10.09.2017

Dealing with diabetes- the disease explained


We all worry about our health, and so we should with over 4.2 million Canadians predicted to have diabetes in 2020, with over 7.2 million Americans currently suffering with diabetes, and over 4 million people in Britain, our health should be our number one concern.

We all probably know someone with diabetes - but what does it actually mean? Well, there are two types; type one and type two.

Type one means that the person doesn’t produce insulin. It has no cure.
Type two means that the person doesn’t react as well to insulin and might have trouble producing it later on in the disease. It can be controlled through a diet and lifestyle change.

Insulin is a hormone our bodies naturally create to break up sugar we consume and either turn it into energy or store it for later. It also balances our blood sugar levels. High blood sugar happens when you have too much insulin, you have eaten too much, not exercising enough or you are taking medication that affects your blood sugar content. The effects happen slowly - you will feel dizzy, sick, faint and dehydrated.

Low blood sugar comes on very fast; this happens when you don’t have enough insulin in your system, you can feel confused, hungry, shaky and can ultimately faint or have a seizure.

Regulating your blood sugar is very important. Even more so when you have diabetes. All diabetics carry an EpiPen which is an emergency dose of insulin; they can get if from their doctor and through their pharmacy. It is only available to people with a prescription, but it can be brought online, and you can even find coupons like this epharmacies novolog flexpen coupon. Insulin is not something to be messed about with, as anyone with diabetes can tell you, it can be a matter of life or death.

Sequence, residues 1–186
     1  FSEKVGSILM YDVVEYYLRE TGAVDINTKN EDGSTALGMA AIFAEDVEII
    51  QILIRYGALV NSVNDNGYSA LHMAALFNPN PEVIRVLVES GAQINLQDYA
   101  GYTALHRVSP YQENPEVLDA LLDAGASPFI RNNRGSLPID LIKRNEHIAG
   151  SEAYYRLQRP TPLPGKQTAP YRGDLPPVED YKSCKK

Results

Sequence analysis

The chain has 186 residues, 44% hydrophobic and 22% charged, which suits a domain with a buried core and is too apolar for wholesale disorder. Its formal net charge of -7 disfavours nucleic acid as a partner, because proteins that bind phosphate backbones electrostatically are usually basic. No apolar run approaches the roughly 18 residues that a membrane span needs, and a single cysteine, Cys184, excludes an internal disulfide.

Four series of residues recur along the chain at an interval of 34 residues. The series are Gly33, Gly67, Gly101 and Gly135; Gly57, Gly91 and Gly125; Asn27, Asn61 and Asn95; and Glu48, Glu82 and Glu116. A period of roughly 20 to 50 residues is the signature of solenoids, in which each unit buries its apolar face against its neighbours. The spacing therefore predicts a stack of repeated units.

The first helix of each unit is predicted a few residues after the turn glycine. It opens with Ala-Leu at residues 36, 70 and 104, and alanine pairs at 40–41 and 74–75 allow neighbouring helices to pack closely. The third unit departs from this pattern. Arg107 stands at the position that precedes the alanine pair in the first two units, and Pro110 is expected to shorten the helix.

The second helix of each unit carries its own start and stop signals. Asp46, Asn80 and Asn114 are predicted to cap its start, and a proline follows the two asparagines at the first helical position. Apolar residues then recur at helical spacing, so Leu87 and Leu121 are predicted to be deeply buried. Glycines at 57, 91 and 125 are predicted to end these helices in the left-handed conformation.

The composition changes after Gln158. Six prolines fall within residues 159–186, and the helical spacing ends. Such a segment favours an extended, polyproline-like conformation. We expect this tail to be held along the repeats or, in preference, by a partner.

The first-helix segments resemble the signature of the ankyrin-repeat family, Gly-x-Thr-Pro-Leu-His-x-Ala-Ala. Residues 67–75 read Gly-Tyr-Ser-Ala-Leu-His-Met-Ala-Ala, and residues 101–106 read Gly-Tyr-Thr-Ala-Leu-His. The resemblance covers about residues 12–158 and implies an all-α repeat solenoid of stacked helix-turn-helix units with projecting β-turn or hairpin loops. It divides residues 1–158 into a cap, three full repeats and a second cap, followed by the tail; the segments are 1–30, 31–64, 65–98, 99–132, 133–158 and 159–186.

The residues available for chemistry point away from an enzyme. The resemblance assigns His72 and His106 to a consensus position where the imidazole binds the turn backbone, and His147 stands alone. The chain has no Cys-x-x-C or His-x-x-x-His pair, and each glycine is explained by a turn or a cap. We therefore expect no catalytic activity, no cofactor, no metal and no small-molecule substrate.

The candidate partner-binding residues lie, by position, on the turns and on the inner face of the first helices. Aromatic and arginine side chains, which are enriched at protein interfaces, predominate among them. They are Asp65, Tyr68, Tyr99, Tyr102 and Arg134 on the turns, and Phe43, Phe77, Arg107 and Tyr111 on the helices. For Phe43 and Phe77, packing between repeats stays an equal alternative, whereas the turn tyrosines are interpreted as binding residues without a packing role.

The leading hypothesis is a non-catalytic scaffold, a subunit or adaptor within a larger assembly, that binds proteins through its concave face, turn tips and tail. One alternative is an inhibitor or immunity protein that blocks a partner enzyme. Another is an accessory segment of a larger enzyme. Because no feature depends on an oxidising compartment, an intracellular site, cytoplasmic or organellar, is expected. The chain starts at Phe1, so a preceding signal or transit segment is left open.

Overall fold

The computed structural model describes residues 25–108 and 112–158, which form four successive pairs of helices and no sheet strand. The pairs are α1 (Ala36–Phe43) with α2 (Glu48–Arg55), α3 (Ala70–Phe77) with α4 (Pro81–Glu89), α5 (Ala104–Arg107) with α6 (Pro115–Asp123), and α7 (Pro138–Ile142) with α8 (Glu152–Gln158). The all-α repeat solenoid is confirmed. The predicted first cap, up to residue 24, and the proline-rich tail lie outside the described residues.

Type one diabetes is the rarer of the two, with only 5% of diabetic diagnosis’ being type one. This is usually diagnosed at a young age and managed through regular blood checks and insulin injections.

Type 2 is something that can occur at any point in your life and can be genetic, but it can also be down to lifestyle choices. Obesity is one of the biggest contributors to diabetes as the sugar levels in the blood is all over the place, and the person isn’t getting anywhere near enough exercise.  

Here is a list of symptoms for type two diabetes, if you or a loved one is experiencing any of them, it’s important for you to see your doctor as soon as possible.

  • Increased thirst
  • Increased hunger - especially after eating
  • Dry mouth
  • Frequent urination or urine infections
  • Unexplained weight loss
  • Fatigue
  • Blurred vision
  • Headaches
  • Loss of consciousness (diabetic coma)

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